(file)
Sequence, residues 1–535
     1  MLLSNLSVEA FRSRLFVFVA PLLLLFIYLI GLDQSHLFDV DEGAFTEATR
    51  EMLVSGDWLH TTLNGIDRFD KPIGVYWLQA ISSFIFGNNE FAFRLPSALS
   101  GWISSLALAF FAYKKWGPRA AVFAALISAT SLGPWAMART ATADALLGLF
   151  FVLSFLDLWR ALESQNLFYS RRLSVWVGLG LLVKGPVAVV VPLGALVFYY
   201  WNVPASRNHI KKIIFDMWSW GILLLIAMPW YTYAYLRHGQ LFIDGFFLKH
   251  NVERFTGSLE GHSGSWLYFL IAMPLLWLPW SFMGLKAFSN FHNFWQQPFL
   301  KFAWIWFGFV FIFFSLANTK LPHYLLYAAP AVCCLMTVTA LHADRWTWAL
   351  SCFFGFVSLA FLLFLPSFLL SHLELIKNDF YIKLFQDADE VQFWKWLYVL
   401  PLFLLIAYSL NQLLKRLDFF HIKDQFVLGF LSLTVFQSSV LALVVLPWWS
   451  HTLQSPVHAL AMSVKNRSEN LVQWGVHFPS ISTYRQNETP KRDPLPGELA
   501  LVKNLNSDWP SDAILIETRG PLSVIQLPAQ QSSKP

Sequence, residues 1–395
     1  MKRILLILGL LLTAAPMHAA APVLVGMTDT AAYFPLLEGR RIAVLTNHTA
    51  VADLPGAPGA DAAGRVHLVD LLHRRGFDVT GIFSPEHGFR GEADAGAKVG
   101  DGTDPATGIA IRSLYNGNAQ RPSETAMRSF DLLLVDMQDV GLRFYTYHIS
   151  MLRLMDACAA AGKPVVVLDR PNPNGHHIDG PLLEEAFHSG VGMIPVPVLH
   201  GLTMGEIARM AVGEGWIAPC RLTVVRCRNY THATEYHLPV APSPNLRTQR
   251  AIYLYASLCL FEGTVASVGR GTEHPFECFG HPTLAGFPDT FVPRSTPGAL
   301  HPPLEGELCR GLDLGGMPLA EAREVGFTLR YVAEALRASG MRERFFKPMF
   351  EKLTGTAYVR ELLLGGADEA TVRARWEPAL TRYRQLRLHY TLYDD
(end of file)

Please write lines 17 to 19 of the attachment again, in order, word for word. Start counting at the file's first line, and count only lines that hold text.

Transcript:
   151  MLRLMDACAA AGKPVVVLDR PNPNGHHIDG PLLEEAFHSG VGMIPVPVLH
   201  GLTMGEIARM AVGEGWIAPC RLTVVRCRNY THATEYHLPV APSPNLRTQR
   251  AIYLYASLCL FEGTVASVGR GTEHPFECFG HPTLAGFPDT FVPRSTPGAL